This post is by Richard Benwell, head of government affairs at the Wildfowl & Wetlands Trust (WWT).
Last week Matthew Spencer proposed a new British Environment Act to fill the legislative lacuna left by Brexit and set ambitious new environmental standards. He is not alone in calling for a new law.
Last year, a coalition led by RSPB and the Wildlife Trusts proposed a Nature and Wellbeing Bill, which was adopted in the Green Party and Liberal Democrat general election manifestos. ClientEarth has captured the public imagination with a call for a new Clean Air Act. And the Natural Capital Committee, the government’s advisers on nature and economics, say that investing in natural wealth needs legislative underpinning.
And, today, WWT is launching a new report, Rich in nature, which sets out detailed proposals for a Natural Wealth Bill, designed to put the UK’s natural wealth on an equal footing with other aspects of economic wealth. We focus on the government’s manifesto commitment to a 25 year environment plan as a chance for early environmental action by the new government.
The referendum decision caused great concern among environmentalists because it stripped away in a stroke many of our most important environmental protections.
Yet in these suggestions of new laws, perhaps we have a reason to hope.
EU environmental protection wasn’t enough, we could do better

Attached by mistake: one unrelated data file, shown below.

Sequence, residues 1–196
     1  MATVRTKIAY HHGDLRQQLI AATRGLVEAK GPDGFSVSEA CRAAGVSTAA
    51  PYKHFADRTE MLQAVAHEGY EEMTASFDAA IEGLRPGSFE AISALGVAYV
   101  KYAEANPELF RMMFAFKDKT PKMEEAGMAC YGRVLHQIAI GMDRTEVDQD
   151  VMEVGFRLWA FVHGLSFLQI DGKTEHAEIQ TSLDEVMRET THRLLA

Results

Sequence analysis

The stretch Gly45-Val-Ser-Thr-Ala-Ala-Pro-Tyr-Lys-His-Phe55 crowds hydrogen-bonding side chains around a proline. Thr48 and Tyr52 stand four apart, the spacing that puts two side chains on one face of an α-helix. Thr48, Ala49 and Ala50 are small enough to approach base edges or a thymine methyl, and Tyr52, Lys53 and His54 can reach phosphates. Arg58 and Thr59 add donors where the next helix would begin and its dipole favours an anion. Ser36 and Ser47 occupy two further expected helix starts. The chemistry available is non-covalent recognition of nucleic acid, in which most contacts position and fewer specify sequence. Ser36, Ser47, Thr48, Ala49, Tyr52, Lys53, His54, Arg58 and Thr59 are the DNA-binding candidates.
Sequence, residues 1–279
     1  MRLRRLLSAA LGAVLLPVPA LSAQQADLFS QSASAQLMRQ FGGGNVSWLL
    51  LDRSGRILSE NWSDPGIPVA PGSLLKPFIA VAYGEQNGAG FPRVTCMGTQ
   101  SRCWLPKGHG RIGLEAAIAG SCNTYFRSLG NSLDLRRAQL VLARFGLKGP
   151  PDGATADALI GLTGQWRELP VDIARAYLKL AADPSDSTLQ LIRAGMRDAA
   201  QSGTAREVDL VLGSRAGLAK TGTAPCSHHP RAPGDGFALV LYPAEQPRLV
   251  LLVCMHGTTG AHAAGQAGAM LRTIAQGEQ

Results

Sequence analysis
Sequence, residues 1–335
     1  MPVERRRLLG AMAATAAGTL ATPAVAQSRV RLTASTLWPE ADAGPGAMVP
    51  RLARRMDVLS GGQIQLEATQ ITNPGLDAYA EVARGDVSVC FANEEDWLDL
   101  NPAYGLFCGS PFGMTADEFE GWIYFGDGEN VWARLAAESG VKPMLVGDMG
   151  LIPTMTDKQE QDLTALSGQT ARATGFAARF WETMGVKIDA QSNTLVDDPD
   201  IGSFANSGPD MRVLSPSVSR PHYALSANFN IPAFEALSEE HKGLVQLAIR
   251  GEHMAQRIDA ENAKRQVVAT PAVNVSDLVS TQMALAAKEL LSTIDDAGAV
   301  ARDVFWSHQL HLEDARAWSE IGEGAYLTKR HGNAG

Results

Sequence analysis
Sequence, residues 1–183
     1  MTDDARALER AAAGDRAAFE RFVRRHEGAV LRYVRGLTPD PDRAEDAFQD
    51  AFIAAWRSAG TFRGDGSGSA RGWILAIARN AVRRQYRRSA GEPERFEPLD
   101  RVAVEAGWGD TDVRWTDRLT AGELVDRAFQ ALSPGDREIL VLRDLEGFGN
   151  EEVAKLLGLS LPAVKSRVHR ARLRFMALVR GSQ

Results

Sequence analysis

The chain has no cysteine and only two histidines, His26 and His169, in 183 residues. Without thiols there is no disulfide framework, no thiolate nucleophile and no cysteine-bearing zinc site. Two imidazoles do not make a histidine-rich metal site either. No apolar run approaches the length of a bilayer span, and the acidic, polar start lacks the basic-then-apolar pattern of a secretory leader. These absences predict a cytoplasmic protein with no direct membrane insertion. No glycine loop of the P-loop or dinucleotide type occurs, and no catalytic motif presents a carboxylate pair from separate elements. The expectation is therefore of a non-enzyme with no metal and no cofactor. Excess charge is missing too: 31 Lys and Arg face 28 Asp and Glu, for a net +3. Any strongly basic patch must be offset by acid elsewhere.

EU environmental protection has been extremely good, but it has not been enough: species are still declining, the air is still heavy with pollution, too many rivers and lakes are still barren of life. With visionary leadership in the UK, there is the chance to create something stronger that can stir action around the world.
The Clean Air Act idea is inspired by British leadership in the 1950s. Matthew’s Environment Act idea conjures a sense of home grown ambition. The natural wealth ideas draw on a field of natural capital accounting where the UK’s academic insights are at the forefront of global thinking. Concepts that bring together nature and wellbeing highlight the importance of environmental equity, which can help to demonstrate the benefits of protecting and improving the environment across social divides.
In other words, from out of the jeopardy of Brexit, there is the opportunity for international environmental leadership by the UK.
Of course, while this is possible, it will not happen automatically. Do nothing, and the prospects for our environment are arguably far worse than they were before the referendum.
Collaboration makes us stronger
So, for Brexit to be a success for the environment, we need to stand together as a sector as never before. Environmental NGOs need to work with their members, with progressive businesses, with forward-thinking politicians and with the wider public to ensure that the environment is at the heart of British politics.
And that’s the other reason for hope. At WWT, we’re delighted that the launch of Rich in nature is being held in association with Green Alliance and Wildlife and Countryside Link. Already, these groups have begun to corral the voices of conservationists and environmentalists large and small, so that together we can stand up for our natural world.
With this kind of unity, we can hope for a strong plan for nature and a British Environment Act that will inspire the world.